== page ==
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Articles tagged "Nicky Harman"

New in Chinese: \“The Chilli Bean Paste Clan\” by YAN Ge

You might imagine that I thought long and hard in choosing my best untranslated book, because China has so many writers and so little of their work reaches the West, at least in English. But I plumped without any hesitation for Yan Ge’s The Chilli Bean Paste Clan. (The title in Chinese is 《我们家》Our Family.) This is a family drama that manages to be both warm and funny, and barbed and irreverent. The novel is set in a (fictional) small Sichuan town in...

My Favorite Bookstore: Nicky Harman on Arthur Probsthain Oriental and African Bookseller

Arthur Probsthain Oriental and African Bookseller, 41 Great Russell Street, London WC1B 3PE In the narrow streets opposite the imposing edifice of the British Museum in Bloomsbury, London, there are a host of nooky little shops selling everything from replica antiques to T-shirts to books. But Probsthain’s  is special. Founded around 1904 by the eponymous Mr. Probsthain, it’s had a few famous visitors in its time  ̶  Zulfikar Ali Bhutto, David...

Just in Time for the Ball Drop…

Here are some of our favorite books in translation from 2012! Emma Garman My pick is Second Person Singular by Sayed Kashua, trans. by Mitch Ginsburg, an engrossing story about chance, fate and identity. Told from the dual points of view of an upwardly mobile Israeli Arab lawyer, and a young Palestinian social worker who takes a job caring for a paraplegic Jewish man, the novel combines a Tolstoy-inspired plot with a fascinating look at the evolving socio-cultural codes of...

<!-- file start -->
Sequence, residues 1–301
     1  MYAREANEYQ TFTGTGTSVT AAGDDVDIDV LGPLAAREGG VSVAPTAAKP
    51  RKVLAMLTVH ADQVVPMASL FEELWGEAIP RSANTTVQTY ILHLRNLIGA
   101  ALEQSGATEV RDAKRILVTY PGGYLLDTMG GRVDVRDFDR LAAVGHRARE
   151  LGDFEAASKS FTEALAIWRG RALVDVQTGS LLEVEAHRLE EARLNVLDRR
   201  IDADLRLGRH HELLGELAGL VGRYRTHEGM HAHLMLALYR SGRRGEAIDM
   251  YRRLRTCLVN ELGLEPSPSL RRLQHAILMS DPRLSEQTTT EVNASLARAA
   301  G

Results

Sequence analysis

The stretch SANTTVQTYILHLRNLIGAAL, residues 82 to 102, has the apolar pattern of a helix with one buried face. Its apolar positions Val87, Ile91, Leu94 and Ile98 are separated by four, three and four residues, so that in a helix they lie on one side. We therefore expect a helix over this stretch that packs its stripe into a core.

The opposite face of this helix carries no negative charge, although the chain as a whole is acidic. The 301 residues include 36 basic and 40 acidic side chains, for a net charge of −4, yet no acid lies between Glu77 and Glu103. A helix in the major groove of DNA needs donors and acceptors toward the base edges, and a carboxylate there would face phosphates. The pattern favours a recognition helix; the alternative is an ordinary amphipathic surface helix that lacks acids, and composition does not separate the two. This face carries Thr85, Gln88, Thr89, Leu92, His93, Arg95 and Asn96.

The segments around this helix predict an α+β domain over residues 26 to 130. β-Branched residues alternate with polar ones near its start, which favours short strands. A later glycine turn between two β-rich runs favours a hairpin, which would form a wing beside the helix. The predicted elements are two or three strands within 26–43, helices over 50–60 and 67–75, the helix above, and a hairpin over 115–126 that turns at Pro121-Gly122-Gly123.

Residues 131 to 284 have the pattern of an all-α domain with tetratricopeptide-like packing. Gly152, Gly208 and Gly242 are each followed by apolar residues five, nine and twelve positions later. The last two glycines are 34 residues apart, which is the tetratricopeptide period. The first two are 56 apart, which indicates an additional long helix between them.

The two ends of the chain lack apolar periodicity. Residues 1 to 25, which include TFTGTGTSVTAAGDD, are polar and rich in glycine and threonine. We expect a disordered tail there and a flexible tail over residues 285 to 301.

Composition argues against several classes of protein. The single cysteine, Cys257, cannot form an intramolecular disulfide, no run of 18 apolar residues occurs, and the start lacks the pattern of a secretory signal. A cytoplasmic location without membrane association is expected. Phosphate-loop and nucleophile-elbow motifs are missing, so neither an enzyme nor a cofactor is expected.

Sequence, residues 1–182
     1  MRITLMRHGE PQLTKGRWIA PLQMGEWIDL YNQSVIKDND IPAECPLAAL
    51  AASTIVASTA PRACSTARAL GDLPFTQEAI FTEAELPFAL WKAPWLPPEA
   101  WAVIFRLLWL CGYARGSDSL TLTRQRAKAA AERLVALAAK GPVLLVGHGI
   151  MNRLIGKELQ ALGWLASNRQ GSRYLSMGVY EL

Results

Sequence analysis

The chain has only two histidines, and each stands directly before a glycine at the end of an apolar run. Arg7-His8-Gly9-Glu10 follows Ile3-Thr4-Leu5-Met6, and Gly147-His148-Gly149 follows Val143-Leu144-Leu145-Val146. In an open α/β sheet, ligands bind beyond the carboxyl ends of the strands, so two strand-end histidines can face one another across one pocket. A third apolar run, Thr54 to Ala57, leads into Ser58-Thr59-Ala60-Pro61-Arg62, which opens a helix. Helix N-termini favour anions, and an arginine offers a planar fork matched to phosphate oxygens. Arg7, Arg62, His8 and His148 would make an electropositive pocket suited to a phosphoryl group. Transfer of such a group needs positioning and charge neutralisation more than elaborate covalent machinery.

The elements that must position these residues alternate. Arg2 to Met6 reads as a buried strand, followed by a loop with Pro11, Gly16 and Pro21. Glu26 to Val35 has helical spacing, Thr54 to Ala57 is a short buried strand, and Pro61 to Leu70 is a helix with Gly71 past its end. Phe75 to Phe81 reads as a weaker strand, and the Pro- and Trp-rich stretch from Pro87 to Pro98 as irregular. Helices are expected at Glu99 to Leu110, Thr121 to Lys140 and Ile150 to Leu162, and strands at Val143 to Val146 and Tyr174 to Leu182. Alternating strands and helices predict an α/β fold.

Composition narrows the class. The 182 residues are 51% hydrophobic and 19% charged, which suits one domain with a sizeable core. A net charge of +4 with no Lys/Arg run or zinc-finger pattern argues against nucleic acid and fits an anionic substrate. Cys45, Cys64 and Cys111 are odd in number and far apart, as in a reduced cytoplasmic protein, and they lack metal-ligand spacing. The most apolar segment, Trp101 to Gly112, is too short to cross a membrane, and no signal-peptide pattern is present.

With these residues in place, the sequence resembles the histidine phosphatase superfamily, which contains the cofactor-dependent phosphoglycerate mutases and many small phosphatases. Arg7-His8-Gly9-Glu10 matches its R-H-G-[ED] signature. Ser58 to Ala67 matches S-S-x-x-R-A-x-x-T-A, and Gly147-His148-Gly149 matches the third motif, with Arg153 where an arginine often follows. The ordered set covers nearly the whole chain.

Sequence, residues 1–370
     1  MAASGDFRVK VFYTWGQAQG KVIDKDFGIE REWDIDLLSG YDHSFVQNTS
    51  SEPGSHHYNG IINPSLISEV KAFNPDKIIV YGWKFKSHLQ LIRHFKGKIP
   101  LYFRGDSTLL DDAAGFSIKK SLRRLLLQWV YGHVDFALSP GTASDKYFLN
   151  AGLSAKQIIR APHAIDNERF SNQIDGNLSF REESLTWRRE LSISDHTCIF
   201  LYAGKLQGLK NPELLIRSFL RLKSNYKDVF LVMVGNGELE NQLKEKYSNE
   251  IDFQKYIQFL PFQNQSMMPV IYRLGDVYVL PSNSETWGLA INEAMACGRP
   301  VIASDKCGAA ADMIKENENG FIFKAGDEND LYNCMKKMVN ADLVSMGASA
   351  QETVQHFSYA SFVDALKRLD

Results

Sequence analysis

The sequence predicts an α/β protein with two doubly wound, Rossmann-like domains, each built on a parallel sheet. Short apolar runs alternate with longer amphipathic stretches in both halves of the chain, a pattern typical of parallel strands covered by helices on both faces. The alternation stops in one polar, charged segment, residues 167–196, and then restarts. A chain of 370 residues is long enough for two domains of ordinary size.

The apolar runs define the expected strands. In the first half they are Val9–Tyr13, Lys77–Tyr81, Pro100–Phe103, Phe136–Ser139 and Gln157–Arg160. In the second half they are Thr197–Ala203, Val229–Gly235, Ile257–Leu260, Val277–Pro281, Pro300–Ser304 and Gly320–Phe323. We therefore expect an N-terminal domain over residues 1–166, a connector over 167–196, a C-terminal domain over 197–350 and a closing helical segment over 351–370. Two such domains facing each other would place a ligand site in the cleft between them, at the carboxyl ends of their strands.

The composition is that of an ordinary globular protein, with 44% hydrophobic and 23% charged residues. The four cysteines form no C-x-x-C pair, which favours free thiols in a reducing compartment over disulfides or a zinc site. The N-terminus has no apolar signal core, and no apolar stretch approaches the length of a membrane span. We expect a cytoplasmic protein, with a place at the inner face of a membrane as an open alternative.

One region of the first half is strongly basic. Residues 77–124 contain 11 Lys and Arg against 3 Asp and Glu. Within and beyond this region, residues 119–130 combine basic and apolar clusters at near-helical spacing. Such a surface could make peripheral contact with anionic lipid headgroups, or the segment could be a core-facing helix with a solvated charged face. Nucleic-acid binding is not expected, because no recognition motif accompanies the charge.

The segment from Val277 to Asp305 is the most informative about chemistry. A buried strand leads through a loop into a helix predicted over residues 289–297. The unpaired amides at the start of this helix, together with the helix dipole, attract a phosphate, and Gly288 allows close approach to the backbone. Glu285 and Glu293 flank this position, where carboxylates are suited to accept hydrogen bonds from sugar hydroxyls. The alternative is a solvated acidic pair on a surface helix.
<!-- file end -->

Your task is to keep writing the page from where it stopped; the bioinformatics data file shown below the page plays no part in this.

On \“The Man with the Knife\”

When I met Susan Harris at the London Book Fair this year, she told me WWB was planning a non-Scandi crime issue. Would I like to look for a Chinese crime short story? she asked. I hesitated… contemporary Chinese writers hardly ever do crime. It just isn’t a popular genre. But changes happen fast in China. Back home, I looked through my collection of literary mags and realized that the latest edition of Ou Ning’s Chutzpah Magazine was actually on crime. And there...

Day Three at the London Book Fair

The highlight of the third and final day at the Literary Translation Center was a conversation among poets, editors, and translators about an exciting new book of contemporary Chinese poetry.  The book is called Jade Ladder—and the panelists discussing it, and related subjects, sounded like just the playful, dissenting and sensitive voices you’d hope to find in such company.  At the center was poet Yang Lian, who described one poem in the collection as a...

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